Despite the compensation, PVT's employees were fearful. "We knew that they had their own department in the same field, and we were sure that we'd all be fired immediately," said Bash. "It turns out that employees in the US department had the same fears - that they'd all be fired. That was the opening point for the connection between the two units which had to work together."
Edwards Lifescience did not fire the Israeli team. On the contrary, it has kept eight of the seventeen original employees, and tripled the workforce to fifty. The product was launched in Europe in 2007 and obtained US Food and Drug Administration (FDA) certification in November 2011. The second-generation product was approved in Europe in 2010 and is currently undergoing a clinical trial in the US. Edwards Lifescience considers the trial to be the main event at the company at this time. The third-generation product, which will begin clinical trials in Europe and Canada soon, should generate $500-600 million revenue.
"In addition to developing next generation products, the Israeli development center has its fingerprints on a range of the company's other products," says Bash proudly. "Edwards uses us as its development unit for valves which are replaced by catheters, and uses our help to solve other engineering problems. We're also a kind of in-house incubator, we get a list of needs from the marketing and characterization departments, and begin to toss ideas around. Some of these ideas ultimately go back to the company."
This situation has turned Edwards Lifescience Israel into an exception in the local scene. Most companies which have survived here are profitable units that include development and production activity, but Edwards Lifescience Israel is solely a development center. "This requires alertness and the ability to develop relations with the American bosses and work closely with the marketing department and all the other departments to test whether our development services can help them. We initiate ideas of our own. All these activities mean that we have a constant in-house deal flow.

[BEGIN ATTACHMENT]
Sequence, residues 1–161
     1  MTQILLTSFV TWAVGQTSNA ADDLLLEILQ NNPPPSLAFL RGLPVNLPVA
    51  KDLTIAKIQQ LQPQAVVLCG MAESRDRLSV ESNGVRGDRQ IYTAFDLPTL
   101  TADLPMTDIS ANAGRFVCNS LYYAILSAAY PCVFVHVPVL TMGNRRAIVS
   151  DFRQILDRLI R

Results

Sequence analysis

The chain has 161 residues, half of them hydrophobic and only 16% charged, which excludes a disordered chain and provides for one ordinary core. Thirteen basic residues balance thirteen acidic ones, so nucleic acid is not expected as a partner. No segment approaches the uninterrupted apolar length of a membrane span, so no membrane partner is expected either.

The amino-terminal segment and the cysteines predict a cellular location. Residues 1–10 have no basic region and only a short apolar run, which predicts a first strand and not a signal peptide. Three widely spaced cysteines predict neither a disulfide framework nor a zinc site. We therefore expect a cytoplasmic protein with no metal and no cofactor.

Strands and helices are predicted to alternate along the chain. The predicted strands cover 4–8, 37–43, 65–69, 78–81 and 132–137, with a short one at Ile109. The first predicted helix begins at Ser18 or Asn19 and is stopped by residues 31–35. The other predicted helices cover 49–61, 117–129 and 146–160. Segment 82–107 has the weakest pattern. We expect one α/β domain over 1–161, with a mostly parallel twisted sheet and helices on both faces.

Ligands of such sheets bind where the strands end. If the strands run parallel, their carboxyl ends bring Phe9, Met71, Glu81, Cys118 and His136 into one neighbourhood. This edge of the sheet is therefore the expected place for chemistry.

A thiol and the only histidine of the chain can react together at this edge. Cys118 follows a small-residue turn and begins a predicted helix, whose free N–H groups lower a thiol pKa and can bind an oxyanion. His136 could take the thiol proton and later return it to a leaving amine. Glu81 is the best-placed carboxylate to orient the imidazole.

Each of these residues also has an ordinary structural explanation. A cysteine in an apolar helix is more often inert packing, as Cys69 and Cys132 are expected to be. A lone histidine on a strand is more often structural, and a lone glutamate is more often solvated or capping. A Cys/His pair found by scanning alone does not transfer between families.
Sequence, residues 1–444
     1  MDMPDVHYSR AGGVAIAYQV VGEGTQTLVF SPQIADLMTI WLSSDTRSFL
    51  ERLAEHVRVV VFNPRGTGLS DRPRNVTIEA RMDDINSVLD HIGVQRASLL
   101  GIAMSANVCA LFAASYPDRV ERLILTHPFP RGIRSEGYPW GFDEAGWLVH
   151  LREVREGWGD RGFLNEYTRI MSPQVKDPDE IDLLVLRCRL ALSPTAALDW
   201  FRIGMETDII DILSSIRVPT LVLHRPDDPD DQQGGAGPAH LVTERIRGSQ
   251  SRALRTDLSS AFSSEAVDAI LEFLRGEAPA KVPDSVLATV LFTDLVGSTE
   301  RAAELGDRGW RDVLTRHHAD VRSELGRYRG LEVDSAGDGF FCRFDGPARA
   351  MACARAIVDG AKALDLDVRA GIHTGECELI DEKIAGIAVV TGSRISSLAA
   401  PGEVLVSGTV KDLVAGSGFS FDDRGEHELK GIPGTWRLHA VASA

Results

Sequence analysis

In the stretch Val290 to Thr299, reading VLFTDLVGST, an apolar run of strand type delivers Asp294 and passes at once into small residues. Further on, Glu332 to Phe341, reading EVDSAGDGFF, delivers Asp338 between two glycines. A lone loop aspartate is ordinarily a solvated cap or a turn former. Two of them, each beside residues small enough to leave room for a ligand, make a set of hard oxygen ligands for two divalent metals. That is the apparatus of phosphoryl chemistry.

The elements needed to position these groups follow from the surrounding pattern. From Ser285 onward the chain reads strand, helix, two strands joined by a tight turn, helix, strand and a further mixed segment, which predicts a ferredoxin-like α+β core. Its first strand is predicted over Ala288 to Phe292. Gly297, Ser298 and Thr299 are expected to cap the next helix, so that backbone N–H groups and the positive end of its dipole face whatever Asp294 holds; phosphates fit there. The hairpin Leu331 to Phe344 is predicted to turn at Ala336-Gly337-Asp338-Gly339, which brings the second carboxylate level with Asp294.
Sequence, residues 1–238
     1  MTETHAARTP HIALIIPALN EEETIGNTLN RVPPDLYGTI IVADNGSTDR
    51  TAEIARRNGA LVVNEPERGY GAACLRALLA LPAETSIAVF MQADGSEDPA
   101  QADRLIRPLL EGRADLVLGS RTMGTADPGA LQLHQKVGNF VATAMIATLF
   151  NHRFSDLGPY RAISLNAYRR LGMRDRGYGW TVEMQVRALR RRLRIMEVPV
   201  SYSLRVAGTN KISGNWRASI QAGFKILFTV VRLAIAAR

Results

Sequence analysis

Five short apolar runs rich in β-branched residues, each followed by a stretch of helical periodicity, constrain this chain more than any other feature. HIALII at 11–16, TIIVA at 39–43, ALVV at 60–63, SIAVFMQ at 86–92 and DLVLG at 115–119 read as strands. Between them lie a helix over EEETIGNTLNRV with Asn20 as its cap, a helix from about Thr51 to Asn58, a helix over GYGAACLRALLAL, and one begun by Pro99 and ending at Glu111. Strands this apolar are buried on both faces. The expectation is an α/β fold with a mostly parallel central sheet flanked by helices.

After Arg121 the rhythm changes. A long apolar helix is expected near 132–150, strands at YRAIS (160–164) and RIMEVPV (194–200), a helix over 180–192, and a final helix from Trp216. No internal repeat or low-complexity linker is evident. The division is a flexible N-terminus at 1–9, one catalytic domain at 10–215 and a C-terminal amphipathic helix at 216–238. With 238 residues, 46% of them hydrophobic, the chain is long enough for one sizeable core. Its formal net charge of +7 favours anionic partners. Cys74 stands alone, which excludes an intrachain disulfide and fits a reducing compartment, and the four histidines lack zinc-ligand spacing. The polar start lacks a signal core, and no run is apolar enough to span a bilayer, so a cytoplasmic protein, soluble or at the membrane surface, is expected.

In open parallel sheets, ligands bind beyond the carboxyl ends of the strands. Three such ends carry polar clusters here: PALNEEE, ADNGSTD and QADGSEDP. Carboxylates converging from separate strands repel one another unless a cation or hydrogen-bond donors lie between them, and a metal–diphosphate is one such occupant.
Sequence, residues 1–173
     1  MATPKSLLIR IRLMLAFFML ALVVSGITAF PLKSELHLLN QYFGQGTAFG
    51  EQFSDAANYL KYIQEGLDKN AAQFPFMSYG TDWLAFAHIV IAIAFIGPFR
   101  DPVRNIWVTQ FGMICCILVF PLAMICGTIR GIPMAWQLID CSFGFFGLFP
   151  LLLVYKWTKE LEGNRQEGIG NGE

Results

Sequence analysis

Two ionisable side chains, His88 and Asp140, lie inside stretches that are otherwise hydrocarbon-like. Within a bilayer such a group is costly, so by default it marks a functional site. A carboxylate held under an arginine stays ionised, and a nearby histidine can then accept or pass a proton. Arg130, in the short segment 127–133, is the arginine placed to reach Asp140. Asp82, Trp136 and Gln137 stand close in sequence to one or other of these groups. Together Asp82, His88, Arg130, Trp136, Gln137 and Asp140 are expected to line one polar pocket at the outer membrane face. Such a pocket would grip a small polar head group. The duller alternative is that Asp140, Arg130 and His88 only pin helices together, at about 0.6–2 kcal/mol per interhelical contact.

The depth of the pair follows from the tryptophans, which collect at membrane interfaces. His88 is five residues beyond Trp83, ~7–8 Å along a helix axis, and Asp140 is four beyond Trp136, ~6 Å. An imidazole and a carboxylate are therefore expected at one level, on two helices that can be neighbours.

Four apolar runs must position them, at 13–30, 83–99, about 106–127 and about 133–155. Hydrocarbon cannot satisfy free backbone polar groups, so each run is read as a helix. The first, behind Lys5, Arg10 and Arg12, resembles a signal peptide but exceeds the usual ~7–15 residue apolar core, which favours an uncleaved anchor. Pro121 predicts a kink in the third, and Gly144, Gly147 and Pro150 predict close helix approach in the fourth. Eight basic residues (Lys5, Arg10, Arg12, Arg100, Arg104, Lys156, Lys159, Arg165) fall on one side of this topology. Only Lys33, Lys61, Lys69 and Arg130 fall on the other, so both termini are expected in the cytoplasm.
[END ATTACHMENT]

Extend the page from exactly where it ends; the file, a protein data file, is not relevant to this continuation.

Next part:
"The company's travel budget is quite large, and I believe that there is no alternative to a face-to-face meeting. I also support employee exchanges. I was at Edwards Lifescience in the US for three years and returned here."
Do you still think like a start-up?
Bash: "We try very hard in some areas. We take more technology risks, try to be faster than the company. We're officially designated as a body whose role is 'to meet Edwards Lifescience's system of values while preserving our start-up culture'. Edwards Lifescience Israel is the company's only global development center, and it also initiates its own activity to locate new technologies."
Is there still a culture clash between the Israeli center and the US company?
"Yes. It's impossible to ignore the fact that you sometimes say something and the other side doesn’t understand you. This is especially problematic with Americans, because they won't say to your face that they think you're speaking rubbish. If they say, 'I propose', they mean that it's an order.
"In Israel, sometimes when I want to convene a meeting, I deliberately say something provocative to someone to create a stormy discussion in which your employees say that you're an idiot and explain why, and very honest information emerges. I tried this in the US, and I suddenly saw everyone twisting uncomfortably and starting to justify the stupid thing that I said. In short, it's impossible to take Israeli management there as is."
Life Technologies keeps Etrog Medical
The story of Etrog Medical Ltd. demonstrates that a tiny acquisition can turn into an established Israeli development center. Life Technologies Corporation (Nasdaq: LIFE), which acquired Etrog Medical, has a current turnover of $4 billion, tens of millions of dollars of which comes from the Israeli operations.
Etrog Medical was founded by Prof. Shmuel Kvili and Ori Yogev in the 1990s to automate chemical reactions in biology laboratories. "They turned a manual process by researchers and used chemistry and smart electronics to package it into a cassette, which works faster, reproducibly, and without contact," says Life Technologies head of food safety and animal health Nir Nimrodi.
This was precisely the business of Invitrogen Ltd., which acquired Etrog Medical and was in turn acquired by Life Technologies. Invitrogen had $400 million in sales at the time, and the merged company became one of the fastest growing companies in the world, through acquisitions.